Building Your Family Tree 101: Quick Tips for Finding Your English Ancestors

 


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Did your ancestors come from Europe – in particular England or Wales? It's quite possible to find their records. You may even be lucky enough to find records online, because as more and more people become intrigued with their origins, more are being made available.

Most genealogical resources group England and Wales together, because they were administered together. Where you go to find records depends on how far back you want to go. If you're looking for birth records after 1920, you'll probably find them at the national government level. If you want a birth record from the 18th century, you would need to look at the parish records, and those records are now held at the county level. Therefore, the more you know about where your ancestors came from, the more you will be able to focus your research.

Start your search at the Family Records Centre in London (http://www.familyrecords. gov.uk/frc/), which holds indices to births, marriages and deaths registered in England and Wales since July 1, 1837. You can order copies of the certificates online. The site is well laid out, and explains that if you need a document earlier than 1837, you need to search parish registers, which are very variable: http://www.familyrecords. gov.uk/topics/religious-2.htm.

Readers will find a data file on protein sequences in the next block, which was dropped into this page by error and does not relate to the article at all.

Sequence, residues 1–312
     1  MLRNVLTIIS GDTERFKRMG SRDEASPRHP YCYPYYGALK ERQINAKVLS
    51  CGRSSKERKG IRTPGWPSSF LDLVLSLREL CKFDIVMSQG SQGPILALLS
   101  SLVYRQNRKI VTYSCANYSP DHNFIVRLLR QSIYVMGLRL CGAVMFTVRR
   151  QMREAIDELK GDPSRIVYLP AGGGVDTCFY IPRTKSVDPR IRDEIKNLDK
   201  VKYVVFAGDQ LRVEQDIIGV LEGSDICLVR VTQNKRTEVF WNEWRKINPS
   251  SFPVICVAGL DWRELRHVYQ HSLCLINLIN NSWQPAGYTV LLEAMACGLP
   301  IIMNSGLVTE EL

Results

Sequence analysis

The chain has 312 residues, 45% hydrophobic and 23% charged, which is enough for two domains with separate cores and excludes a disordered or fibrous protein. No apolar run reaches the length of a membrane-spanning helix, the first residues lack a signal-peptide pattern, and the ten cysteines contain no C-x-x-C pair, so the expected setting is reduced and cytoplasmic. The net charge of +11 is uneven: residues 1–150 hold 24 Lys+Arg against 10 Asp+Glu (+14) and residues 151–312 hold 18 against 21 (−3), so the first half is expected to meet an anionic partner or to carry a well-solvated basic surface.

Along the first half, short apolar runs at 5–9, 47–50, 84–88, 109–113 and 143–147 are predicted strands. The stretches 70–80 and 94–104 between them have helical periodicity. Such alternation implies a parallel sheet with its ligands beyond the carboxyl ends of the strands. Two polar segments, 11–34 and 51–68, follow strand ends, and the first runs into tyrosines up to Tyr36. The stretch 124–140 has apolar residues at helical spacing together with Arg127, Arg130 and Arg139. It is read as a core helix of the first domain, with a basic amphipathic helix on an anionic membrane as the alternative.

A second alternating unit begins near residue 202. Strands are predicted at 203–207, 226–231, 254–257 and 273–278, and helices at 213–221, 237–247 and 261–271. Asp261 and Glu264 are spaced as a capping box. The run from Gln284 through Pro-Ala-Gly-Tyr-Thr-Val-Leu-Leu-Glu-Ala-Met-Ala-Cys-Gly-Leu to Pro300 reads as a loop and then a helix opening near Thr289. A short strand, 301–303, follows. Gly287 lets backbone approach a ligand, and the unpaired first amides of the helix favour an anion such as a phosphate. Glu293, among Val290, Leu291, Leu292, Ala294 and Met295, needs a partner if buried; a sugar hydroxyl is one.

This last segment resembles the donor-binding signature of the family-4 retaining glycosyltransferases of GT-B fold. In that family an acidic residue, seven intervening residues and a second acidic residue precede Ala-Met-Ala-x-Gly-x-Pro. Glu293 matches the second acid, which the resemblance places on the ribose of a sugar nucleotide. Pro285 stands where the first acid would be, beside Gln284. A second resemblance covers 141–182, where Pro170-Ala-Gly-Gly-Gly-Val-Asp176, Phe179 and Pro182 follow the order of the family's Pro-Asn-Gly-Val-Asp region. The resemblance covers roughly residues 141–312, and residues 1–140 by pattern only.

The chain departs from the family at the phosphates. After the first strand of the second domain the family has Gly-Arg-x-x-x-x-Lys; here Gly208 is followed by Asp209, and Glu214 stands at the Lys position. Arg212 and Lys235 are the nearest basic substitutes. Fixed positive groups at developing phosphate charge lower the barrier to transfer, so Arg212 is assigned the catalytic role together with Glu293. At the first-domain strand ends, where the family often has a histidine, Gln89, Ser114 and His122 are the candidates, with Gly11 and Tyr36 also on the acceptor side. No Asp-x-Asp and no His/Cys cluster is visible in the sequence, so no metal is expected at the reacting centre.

Parishes once managed all local affairs - they kept records of marriages, baptisms and burials, looked after the poor, and maintained the local roads. The parish records are now held at the various County Records Offices throughout England and Wales. Some have their own Web sites, and even provide online access to catalogs and records. Genuki at http://www.genuki.org.uk/ will help you to find the County Records Office for the county you're interested in.

Census Documents in England and Wales

Censuses were conducted in England and Wales every 10 years starting in 1801, but the early censuses, up to 1841, were purely statistical, and did not contain names. Census records are released after 100 years, and the 1901 census is online at http://www.1901census. nationalarchives. gov.uk.

This huge database contains information on 32 million individuals, along with original census pages. Access is free, but you're charged for viewing transcribed data, at 50p (around 90 cents U. S. ) per individual, and then 50p for all the other people in that person's household.

The index links to digitized images of the actual returns, so if you have a large-format printer which prints A3-sized paper (which is standard in Europe), you can print them out.

Chris Simeral is the creator of the 7 Day Family Tree Genealogy Research Toolkit. For more information on how to make a family tree , researching your family’s past, or a free genealogy mini-course, visit http://www.7DayFamilyTree.com .

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